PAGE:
By Paul Suplee, MBA, CEC, PC-3
As you may well have gathered, I like my cakes and baked goods in the wintertime.
The holidays are a time of splurging, indulging, being frivolous and otherwise making unsound dietary choices.
Perhaps this is why so many people choose health as a new year’s resolution and may very well be why so many people get their gym memberships then.
“I’m going to get in the best shape of my life. 2023 is going to be my year!”
“No it’s not, Carol, but you go right ahead and get that gym membership that you’ll use for a month, and then … nothing.”
And, this coming from a guy who has done that more than a couple times in his miserable, middle-aged life. I was smarter this year, as I purchased my gym membership a month ago.
Just try to stop me, 2023. Just try. Ah yes, the cleverness of me, as Mr. Pan was known to proclaim.
Already feeling the decline in gym attendance, I am at least pleased that I’m averaging four days a week for now.
Who knows? Maybe this time it will stick. The thing is, I enjoy going to the gym, as long as it’s not in a group setting. That, I finally did figure out for myself.
I am much better off just going solo and working my way through the various workouts. No timer, no one pressuring me to do this exercise or that, and otherwise just going through the well-calculated motions.
And hey, it’s been a month and I haven’t pulled a muscle or damaged a joint yet, so I have that going for me. Is there a piece of wood around here that I can knock on?
I digress and we once again must circle around to baked goods at Christmastime. I’m a sucker for Swedish Heirlooms, Yule logs, Rosettes, Cristoli, you name it. And a good cake certainly has its place at my table.
The kids and I have not made a New York or Chicago trip in a few years, but both cities are well-regaled in their Christmas splendor as part of their effort to spread Christmas joy (and to encourage retail shopping, let’s be honest here) this time of year.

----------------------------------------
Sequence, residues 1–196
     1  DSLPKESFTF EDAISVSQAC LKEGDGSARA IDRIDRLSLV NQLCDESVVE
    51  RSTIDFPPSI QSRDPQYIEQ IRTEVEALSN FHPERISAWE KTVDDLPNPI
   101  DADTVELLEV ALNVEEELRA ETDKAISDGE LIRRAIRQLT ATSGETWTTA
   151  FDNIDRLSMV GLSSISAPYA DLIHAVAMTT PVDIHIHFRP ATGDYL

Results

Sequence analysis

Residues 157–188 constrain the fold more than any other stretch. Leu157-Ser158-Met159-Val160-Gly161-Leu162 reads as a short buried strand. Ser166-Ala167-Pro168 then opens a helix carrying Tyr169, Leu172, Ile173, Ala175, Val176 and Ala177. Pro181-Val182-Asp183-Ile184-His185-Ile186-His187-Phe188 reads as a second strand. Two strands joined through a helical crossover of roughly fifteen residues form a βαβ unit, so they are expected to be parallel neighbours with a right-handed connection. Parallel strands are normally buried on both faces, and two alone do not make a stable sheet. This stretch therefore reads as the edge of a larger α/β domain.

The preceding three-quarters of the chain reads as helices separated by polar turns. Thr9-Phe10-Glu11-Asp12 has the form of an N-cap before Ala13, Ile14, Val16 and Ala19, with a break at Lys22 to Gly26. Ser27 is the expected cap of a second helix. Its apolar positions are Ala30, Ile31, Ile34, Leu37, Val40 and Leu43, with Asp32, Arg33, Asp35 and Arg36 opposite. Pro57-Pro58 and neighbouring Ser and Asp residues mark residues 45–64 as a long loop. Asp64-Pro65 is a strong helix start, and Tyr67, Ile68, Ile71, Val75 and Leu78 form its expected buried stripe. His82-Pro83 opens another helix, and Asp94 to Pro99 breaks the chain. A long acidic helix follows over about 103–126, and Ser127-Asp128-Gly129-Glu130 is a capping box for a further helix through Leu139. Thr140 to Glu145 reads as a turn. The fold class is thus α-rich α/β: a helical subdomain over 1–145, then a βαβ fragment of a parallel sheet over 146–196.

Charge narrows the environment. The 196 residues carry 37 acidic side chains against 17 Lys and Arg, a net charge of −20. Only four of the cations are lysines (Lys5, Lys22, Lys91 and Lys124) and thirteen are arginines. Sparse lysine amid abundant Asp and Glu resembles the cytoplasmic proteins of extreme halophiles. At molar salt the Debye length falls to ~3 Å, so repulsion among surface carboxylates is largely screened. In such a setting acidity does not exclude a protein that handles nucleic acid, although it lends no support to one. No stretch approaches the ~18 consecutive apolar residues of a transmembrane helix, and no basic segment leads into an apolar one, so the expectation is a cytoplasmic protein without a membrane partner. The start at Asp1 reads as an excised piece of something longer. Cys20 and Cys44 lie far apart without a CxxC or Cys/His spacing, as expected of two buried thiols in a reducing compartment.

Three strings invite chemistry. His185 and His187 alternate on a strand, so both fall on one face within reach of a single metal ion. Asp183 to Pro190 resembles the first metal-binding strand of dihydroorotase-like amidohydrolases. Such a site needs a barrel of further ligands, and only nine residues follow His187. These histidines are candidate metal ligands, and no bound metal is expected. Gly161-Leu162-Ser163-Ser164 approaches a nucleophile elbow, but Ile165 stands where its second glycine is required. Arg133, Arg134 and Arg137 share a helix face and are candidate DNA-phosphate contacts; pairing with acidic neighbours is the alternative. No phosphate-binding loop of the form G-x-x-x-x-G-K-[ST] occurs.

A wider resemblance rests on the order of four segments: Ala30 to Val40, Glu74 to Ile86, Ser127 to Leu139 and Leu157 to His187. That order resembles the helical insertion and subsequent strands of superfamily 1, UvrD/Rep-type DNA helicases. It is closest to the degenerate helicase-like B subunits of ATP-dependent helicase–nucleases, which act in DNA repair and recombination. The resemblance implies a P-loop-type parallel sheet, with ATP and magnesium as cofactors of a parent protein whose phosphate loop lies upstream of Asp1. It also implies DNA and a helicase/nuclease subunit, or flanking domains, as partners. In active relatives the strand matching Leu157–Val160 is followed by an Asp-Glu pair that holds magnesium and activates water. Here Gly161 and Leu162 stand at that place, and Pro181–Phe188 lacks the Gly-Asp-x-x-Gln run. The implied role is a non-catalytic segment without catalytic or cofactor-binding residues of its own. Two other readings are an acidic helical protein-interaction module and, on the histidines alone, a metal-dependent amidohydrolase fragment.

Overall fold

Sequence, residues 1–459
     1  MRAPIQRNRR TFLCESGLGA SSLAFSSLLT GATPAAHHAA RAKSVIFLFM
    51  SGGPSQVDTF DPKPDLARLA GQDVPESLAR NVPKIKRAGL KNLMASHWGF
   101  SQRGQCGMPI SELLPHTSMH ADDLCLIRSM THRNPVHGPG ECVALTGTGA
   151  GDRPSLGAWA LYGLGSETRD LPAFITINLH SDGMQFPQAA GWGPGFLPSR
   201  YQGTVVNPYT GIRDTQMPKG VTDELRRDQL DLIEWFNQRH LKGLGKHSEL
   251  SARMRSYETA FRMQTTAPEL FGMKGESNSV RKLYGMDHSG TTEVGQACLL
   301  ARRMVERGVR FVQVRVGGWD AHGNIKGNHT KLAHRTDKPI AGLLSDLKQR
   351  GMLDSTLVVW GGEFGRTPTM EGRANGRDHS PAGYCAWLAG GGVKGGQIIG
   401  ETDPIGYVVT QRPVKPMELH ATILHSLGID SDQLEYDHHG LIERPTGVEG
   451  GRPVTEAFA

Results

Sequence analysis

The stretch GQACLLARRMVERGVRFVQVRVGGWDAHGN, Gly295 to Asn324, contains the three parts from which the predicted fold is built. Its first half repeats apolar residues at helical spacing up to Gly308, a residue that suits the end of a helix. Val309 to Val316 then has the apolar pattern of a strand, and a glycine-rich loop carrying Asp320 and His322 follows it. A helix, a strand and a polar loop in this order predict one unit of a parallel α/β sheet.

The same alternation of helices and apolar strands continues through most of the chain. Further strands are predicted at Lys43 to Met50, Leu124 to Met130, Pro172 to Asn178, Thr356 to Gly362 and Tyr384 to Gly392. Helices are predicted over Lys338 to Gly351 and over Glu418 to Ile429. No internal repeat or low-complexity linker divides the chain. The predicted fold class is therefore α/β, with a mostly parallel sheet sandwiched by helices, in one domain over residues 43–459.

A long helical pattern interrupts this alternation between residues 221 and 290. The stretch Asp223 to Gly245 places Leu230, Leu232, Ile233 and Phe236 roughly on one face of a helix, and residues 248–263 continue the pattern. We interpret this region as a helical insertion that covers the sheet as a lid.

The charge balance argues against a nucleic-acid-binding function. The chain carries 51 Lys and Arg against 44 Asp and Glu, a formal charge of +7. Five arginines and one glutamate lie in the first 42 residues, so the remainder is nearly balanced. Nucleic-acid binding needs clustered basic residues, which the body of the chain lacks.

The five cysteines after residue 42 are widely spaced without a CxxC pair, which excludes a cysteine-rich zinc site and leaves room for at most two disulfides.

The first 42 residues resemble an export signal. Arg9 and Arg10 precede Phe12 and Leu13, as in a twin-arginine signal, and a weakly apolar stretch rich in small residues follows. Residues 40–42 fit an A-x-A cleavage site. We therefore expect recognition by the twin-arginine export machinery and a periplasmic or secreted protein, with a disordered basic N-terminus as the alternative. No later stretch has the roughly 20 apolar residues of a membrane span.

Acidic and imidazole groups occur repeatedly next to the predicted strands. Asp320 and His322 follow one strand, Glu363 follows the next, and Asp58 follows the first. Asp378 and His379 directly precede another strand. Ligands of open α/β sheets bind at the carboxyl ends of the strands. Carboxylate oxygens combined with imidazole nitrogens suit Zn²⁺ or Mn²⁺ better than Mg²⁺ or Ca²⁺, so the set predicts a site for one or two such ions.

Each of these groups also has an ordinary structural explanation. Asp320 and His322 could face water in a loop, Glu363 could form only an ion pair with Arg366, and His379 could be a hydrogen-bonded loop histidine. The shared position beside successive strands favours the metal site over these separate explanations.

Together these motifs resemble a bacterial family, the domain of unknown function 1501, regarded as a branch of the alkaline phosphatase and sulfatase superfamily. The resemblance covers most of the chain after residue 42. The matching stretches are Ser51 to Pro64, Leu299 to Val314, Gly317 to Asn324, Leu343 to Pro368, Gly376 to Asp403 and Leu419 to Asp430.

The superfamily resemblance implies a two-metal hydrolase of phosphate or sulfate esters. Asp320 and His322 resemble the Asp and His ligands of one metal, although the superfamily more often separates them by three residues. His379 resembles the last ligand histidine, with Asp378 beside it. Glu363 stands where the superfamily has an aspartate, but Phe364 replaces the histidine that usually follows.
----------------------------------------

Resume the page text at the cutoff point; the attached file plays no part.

Of course, as much as it saddens me, New York has become a bit of a trash mountain over recent years, even more so than in years past. Hopefully, they find a happy medium in waste removal.
But Chicago… oh, Chicago… with her cleanliness and incredibly unique infrastructure, is a city all in its own, with a subterranean world where most of the trash resides before being relocated to the dump.
Walking around Chicago this time of year is amazing, with the German Christmas Market, plenty of fantastic restaurants to choose from, and, of course, the bakeries. And I have to go on a tangent here, because there is something so special about big cities and small European towns alike, when it comes to bakeries.
There is nothing quite like walking into a bakery at 7 a.m. and rejoicing in the sights and smells. At once, our senses are bombarded with the sweet and savory offerings of the day, our eyes tantalized by these bake goods in the typically brightly lit room.
It is a feeling that I have gotten since I was much younger when I would walk into the Donut Shack in Severna Park. That was always a treat for us after church or on a random Saturday helping Dad do chores. There is just a certain feeling that one gets from such an experience.
I felt this a few years ago at the Magnolia Bakery in Chicago, as my daughter introduced us all to their famous icebox cake. It is a deceivingly simple recipe to make, and quite frankly, it can be one that doesn’t make any sense to you until you try it.
You may want to call this “soggy cookie cake,” but once you make this and let it sit long enough, I think you’ll appreciate the introduction. Oh, and have a cot handy for the sugar crash.
You will need it, and you will need your rest as you get ready to start up at the gym, again.
Chicago Icebox Cake
makes one large cake
3-4 boxes Nabisco Famous Chocolate Wafers
1 qt. Heavy whipping cream
1/4 c. Granulated sugar
1 tsp. Pure vanilla extract
For whipped cream, combine cream, sugar and vanilla and whip until soft peaks. You do not want stiff peaks here, but just enough so it holds its form and is nice and creamy.
Grab a large round mold for our cake, ensuring that it has a flat bottom.
Smear a small amount of cream on the bottom of the mold.
Line the bottom with wafers, and then cover any gaps with more wafers on top.
Top with a thin layer of the whipped cream.
Repeat the process until the wafers and cream are gone.
Loosely wrap and place in refrigerator for at least overnight. This is where the science happens. In case you hadn’t guessed yet, the moisture from the whipped cream will make the wafers – dare I say it – soggy as they seep up the cream’s liquid, and it becomes one of the most unique cakes you’ll ever have. And yes, this is a bit on the sweet side, but what 20-minute, no-bake cake wouldn’t be?
— Paul Suplee is the owner of boxcar40, boxcar on main,
boxcar crafted events and sportfish catering.